- We build our successes on many small ideas and decisions.
- We believe that trust comes from within.
- We give our colleagues courage to make a difference and go new ways.
- We get far quickly with few resources.
- We use the energy it gives to have fun.
Trust means always trusting people to do the right thing and sharing stories of people who live the values. One such story comes from the customer service department. Shortly before Christmas 2011 Hanne Lindblad wrote the following:
“Here are some examples of our skilled Community Agents having turned Detractors into Promoters. They fight and it goes really well.
We have also started working with Random Acts of Kindness, which is really exciting to work with, since there is no magic formula. But the concept is really powerful. Here is a story from today: One of our customers had talked to Bitten from our customer service the other day. The customer uses all her savings to fight for better animal welfare, so it’s important to her that her mobile phone bill doesn’t exceed her budgeted amount.
Bitten helped her check her minute usage and she subsequently asked Bitten if we were really so happy and kind as we sounded like or if we just pretended to… Bitten assured her that Call me is genuine all the way through :-) og Bitten ended up thanking the customer for her great efforts to improve animal welfare.
Bitten told me the story this morning and together we made the decision to give the customer a Christmas present from Call me. We credited her account 2,000 kroner which Bitten called her up and told her :-) She was so happy that she cried on the phone – and Bitten nearly did so too…”
The fight against bad language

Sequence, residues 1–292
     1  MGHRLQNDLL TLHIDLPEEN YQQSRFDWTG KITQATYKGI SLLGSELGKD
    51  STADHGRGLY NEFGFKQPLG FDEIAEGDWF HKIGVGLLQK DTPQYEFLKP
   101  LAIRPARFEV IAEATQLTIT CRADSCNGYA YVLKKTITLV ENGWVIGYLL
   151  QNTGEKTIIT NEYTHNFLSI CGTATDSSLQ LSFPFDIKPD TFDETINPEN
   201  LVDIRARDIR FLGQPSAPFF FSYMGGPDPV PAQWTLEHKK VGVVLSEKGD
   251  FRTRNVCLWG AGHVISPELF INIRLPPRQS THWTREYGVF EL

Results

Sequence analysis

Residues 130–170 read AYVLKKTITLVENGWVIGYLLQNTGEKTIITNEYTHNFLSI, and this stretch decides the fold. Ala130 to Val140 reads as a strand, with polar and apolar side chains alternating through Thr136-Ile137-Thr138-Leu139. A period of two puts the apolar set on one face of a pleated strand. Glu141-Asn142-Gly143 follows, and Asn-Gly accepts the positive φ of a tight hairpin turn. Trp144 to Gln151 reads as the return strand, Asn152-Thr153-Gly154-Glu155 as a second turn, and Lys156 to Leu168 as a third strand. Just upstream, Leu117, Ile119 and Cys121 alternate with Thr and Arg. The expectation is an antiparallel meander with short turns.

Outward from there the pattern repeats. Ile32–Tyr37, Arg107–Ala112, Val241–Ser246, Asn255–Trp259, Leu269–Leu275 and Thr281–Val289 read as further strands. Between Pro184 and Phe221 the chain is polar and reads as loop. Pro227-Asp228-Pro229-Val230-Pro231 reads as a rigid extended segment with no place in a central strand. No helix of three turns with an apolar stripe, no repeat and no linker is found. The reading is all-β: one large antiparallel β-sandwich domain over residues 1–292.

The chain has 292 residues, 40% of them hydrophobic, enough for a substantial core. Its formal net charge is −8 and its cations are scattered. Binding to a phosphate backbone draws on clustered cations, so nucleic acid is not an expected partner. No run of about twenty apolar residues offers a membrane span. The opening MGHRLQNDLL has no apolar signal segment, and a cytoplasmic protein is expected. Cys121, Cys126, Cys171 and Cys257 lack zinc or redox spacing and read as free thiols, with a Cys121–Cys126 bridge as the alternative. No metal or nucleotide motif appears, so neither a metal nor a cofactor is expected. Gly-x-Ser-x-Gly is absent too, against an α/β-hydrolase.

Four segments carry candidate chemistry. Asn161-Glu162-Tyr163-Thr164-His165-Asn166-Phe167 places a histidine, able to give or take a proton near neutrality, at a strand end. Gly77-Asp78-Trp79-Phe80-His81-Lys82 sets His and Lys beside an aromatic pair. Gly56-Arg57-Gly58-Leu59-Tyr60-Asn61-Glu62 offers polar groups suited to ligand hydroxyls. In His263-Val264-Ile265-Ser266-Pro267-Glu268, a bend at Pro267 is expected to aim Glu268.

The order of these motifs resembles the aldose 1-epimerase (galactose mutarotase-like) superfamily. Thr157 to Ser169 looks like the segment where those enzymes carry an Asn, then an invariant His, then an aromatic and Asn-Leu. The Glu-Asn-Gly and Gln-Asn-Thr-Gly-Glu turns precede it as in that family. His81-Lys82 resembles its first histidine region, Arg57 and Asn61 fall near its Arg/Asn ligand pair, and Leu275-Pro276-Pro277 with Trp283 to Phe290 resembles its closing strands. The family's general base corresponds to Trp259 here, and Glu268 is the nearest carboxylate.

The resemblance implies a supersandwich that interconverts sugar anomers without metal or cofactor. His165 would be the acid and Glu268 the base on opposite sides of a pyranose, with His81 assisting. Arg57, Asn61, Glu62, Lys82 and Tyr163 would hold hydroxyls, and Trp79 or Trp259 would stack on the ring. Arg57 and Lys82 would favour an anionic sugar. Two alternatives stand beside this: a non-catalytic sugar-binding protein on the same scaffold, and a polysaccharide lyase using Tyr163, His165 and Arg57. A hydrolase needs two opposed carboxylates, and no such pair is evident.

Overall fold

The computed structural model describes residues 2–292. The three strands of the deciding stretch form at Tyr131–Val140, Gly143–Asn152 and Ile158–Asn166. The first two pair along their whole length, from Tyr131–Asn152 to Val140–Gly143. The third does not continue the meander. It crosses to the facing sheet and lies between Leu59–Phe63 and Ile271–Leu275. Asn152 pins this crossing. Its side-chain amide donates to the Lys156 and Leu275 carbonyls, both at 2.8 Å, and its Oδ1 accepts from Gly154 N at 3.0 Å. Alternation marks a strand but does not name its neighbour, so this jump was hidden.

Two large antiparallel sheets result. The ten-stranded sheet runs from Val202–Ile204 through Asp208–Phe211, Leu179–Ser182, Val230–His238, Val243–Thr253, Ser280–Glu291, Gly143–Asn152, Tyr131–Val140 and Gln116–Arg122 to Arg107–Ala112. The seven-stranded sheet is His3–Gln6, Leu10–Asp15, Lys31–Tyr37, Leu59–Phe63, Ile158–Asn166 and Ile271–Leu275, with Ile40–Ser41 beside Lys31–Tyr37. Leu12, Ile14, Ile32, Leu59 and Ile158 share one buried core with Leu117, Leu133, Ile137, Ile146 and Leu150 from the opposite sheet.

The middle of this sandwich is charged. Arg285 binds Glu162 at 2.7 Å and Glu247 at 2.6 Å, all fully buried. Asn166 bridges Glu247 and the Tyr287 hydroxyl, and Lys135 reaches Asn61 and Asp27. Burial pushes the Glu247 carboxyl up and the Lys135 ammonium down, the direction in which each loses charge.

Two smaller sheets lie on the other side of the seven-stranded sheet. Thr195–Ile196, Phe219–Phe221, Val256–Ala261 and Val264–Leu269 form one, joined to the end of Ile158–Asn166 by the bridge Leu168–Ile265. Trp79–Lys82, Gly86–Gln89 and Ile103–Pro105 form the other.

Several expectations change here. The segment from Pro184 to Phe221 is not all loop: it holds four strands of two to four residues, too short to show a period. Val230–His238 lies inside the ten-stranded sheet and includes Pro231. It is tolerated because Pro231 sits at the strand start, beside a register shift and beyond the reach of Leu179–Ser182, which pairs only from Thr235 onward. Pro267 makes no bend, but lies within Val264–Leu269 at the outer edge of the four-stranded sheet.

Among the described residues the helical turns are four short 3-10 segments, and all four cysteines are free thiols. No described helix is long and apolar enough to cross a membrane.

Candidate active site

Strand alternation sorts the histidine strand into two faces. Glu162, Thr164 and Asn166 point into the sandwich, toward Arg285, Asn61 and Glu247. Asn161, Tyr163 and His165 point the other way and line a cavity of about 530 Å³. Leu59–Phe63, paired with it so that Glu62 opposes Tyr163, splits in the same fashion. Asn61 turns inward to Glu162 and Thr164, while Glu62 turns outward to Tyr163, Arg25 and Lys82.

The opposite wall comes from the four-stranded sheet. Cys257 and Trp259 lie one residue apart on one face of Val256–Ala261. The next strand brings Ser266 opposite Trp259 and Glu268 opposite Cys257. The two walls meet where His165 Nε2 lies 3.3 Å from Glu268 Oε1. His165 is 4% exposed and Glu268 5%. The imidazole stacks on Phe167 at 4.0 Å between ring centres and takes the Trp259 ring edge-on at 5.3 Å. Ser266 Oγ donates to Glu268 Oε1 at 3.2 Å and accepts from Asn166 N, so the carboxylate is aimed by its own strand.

A public manifestation of ‘The Call me way’ is the campaign “Tal ordentligt – det koster ikke noget” (Speak nicely, it’s free). The TV ads are attitude and opinion-based and problematize the Danes’ tendency to hurt each other using bad language. The fight against bad language became Call me’s cause and during 2012 it put this small mobile operator firmly on the map. The media and the public loved the ads (stripped of any mention of price and promotion), in which all roles were played by Call me employees, Hanne Lindblad appeared in TV talkshows and they won several awards for innovation and ingenuity.
Effects on employees
Being a purpose-driven company has many positive side effects. Employee churn at Call me is now lower and number of sick days are at a record low. In general the employee engagement and happiness is much higher than it was before.
Effects on customers
In the mobile phone industry customer churn rates are crucial, as every extra month an operator can keep the average customer, is worth millions in annual revenues.
Since Call me took its 180 degree turn, the customer churn rates have been reduced significantly and the Net Promoter Score (NPS) is among the best in the industry. And despite a raging price war among the other operators in Denmark, Call me has even managed to exceed its sales targets.
Call me is relentless in its pursuit of areas where it can make a difference, both for employees, customers and society in general.